As we approached the Canadian coast the sea temperature
dropped to 4C and the air temperature to -1 C. There
were just a handful of fishing vessels on the Grand
Banks. We passed through several dense banks of fog
but, as we approached Belle Isle they cleared and left
us with excellent visibility.
On the same latitude as southern England there was
lots of snow, even on south facing slopes and quite
a few icebergs aground on the shores of Labrador and
Newfoundland. We had to alter course to avoid a couple
of "bergy bits" out in the fairway. The Captain
kept a seaman on watch from the bow to warn of "growlers"
- chunks of ice the size of shipping containers that
can't be picked up reliably on radar.
Days Run 25h 349 nautical miles ( 402 miles ).
Noon Position 51 49.6 N 055 28.0 W
When I woke up this morning the radar screen was showing
land ahead and also half a dozen other masses
which I were told were icebergs but since we were cocooned
in mist we couldn't see anything! By late morning the
mist had cleared and the sun came out and there they
were, sparkling frostily. Some were double or triple
spiked and reminded me of puppy premolars. Others were
solid rectangular masses like Mediterranean apartment
blocks and yet others looked like low floating platforms.
The temperature on the bridge deck, the formidably bleak,
black and rocky coast of Labrador and Belle Isle is
liberally streaked with snow still, I am wearing two
jumpers and a hat and we have icebergs! This feels like
a crisp January day in England and yet we are on exactly
the same latitude as Henley on Thames where (probably)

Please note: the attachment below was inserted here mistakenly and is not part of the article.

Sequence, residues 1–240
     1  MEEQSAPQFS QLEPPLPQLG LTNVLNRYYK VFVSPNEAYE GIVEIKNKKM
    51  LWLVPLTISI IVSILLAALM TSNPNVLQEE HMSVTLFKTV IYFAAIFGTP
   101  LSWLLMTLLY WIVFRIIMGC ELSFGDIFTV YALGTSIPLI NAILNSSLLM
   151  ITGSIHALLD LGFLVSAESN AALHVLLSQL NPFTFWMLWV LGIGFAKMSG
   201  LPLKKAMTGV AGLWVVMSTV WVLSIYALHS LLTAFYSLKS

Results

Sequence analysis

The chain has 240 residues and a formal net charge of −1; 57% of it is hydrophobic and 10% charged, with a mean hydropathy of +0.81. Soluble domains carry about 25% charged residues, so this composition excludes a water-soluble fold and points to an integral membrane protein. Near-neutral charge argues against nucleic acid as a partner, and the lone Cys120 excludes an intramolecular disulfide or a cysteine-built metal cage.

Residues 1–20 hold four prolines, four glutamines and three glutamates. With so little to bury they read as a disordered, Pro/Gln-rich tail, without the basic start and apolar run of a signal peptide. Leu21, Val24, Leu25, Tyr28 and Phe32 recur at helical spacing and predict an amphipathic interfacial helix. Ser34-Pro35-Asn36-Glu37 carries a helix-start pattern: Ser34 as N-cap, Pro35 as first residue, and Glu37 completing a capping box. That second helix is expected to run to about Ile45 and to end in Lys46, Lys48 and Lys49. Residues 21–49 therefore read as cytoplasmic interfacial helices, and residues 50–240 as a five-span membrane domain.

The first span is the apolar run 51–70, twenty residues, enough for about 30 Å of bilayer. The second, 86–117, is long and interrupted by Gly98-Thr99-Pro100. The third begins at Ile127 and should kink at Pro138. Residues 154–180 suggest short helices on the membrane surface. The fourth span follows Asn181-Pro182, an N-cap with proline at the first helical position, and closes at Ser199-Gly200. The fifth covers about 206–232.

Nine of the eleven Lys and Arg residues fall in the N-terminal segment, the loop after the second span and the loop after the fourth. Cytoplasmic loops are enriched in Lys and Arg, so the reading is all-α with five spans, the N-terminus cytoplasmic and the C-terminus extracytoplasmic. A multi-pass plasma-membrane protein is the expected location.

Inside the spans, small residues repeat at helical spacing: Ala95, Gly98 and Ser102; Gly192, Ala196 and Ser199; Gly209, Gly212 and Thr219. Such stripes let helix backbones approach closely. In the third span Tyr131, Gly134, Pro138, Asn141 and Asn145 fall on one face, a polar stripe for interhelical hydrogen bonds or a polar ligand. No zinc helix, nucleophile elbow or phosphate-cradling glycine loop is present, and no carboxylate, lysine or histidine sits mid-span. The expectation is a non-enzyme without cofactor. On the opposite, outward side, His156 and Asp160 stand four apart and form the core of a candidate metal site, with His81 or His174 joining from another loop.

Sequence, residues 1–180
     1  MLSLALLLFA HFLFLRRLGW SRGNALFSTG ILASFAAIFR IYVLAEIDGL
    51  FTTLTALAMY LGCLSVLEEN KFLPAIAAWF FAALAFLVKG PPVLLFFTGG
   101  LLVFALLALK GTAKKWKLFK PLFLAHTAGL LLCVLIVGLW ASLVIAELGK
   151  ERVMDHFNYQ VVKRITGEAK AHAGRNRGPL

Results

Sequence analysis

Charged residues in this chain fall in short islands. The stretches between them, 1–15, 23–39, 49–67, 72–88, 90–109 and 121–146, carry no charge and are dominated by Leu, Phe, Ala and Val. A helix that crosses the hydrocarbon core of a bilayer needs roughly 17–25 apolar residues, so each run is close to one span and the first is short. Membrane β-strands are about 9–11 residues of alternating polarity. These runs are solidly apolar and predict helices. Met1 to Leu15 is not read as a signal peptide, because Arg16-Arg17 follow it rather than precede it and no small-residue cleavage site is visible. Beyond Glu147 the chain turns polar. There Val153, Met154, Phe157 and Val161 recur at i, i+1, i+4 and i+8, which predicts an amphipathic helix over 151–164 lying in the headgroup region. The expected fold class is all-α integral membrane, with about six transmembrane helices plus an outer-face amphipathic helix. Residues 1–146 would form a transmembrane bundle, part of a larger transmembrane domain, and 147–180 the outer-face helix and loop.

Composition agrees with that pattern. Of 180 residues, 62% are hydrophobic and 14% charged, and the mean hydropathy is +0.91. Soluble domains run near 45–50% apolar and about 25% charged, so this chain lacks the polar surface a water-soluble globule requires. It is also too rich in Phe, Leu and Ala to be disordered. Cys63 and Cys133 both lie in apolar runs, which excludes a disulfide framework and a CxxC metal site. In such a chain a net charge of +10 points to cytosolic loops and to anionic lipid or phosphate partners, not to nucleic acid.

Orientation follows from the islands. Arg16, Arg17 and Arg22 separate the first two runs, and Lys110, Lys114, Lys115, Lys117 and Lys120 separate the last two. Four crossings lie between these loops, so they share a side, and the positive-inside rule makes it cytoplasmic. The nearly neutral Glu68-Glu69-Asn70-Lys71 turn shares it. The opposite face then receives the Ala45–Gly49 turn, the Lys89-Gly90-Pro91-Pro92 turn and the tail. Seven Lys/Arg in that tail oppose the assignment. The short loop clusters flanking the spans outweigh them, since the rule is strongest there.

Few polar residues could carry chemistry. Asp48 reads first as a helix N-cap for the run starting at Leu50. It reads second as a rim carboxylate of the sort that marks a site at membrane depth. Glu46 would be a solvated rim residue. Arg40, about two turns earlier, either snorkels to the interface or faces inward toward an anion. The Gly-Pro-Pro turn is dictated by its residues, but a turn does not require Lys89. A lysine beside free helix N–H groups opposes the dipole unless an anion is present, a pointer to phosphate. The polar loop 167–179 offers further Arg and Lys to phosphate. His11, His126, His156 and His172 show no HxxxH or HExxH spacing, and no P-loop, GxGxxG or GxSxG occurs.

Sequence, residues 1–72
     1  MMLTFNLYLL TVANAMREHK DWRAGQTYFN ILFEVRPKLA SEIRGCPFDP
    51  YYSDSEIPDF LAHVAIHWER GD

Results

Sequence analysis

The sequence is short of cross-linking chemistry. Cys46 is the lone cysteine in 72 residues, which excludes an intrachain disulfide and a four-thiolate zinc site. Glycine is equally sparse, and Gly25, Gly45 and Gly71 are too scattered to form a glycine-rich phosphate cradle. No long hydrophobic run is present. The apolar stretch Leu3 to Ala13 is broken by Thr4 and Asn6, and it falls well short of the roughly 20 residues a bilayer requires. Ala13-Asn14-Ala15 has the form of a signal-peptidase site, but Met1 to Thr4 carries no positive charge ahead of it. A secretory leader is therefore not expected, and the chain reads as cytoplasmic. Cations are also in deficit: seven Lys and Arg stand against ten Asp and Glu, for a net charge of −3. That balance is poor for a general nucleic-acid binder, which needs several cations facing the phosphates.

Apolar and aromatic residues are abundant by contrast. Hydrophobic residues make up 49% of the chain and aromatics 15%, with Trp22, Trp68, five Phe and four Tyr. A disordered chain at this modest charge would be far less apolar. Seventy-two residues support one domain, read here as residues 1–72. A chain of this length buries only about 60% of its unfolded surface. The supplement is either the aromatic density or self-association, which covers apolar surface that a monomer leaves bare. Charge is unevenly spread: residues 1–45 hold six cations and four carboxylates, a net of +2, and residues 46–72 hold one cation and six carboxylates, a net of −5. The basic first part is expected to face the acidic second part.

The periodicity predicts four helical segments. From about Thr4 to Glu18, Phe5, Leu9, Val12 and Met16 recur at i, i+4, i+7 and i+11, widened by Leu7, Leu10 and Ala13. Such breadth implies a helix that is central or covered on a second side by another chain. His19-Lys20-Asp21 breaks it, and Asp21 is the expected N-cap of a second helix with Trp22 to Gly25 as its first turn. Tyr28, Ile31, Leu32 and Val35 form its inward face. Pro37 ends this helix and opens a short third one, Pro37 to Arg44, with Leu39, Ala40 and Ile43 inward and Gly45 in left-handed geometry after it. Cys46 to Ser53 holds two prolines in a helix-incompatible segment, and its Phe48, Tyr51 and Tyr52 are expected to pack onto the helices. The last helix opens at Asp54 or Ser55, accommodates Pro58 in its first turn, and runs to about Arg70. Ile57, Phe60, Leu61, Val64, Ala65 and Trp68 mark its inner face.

they/you are enjoying at least 20 degrees and Summer
is in full flower. How grateful we should be that we
are bathed in the warmth of the Gulf Stream while Newfoundland
is doused by the icy Labrador current.
PS George threw up at lunch, felt immediately better,
drank a can of coke and has been almost his old self
I woke up about ten and went up to the bridge.
Visibility is still bugger all so I played guitar for
an hour. Then back to the bridge and visibility had
turned on its head, you could see everything. I could
see we were in the saint Lawrence seaway, steep harsh
banks on both sides thick with dark mossy green pine
trees growing up the steep banks wile streaks snow lay
on the top. We passed dozens of icebergs on the way
in, some too close for comfort. They are not at all
hard to spot even when there 15nm away because they
are dazzling white and stick out like Jesus at a Black
Around eight the seaway widened out so there was no
sign of land, every ounce of fog went with it and the
sun sat redder than blood on the horizon making a red
path along the water which we followed in the night.
Epic or what, then we went and played ping pong BP.
The Harry Report
We've got to part of the Saint Lawrence seaway and suddenly
the previous rocking of the ship abruptly stopped as
we got inland.
Had rice-n-pork for lunch which was nice.
I can't stand this boat but Krzysztof, the steward,
is very kind so is the w
hole crew. I'm looking forward to getting off this
boat but I'll miss the crew they have been very nice
but I don't fit in really. I'd like to be home but at
the same time I'm having fun. But any way there were
lots of ice burg's nearly 8.
Today I could barely walk for some reason. I'm better
now but still it's a bit uncomfortable. The reason I'm
only writing now is because I couldn't write with all
the rocking I should have been able to I am 9 now but
what do I now about age.
Krzysztof gave us 24 cans of coke when dad only asked
for 3 for lunch 18 left now dad said 2 a day for 3 days.
Krzysztof let me in the kitchen and its massive 3 boxes
of eggs with enough in each to make scrambled eggs for
to of the crews including passengers. I love cooking
and I envy the cook. He's very shy but when dad saw
him at teatime he smiled at him the cook gave him extra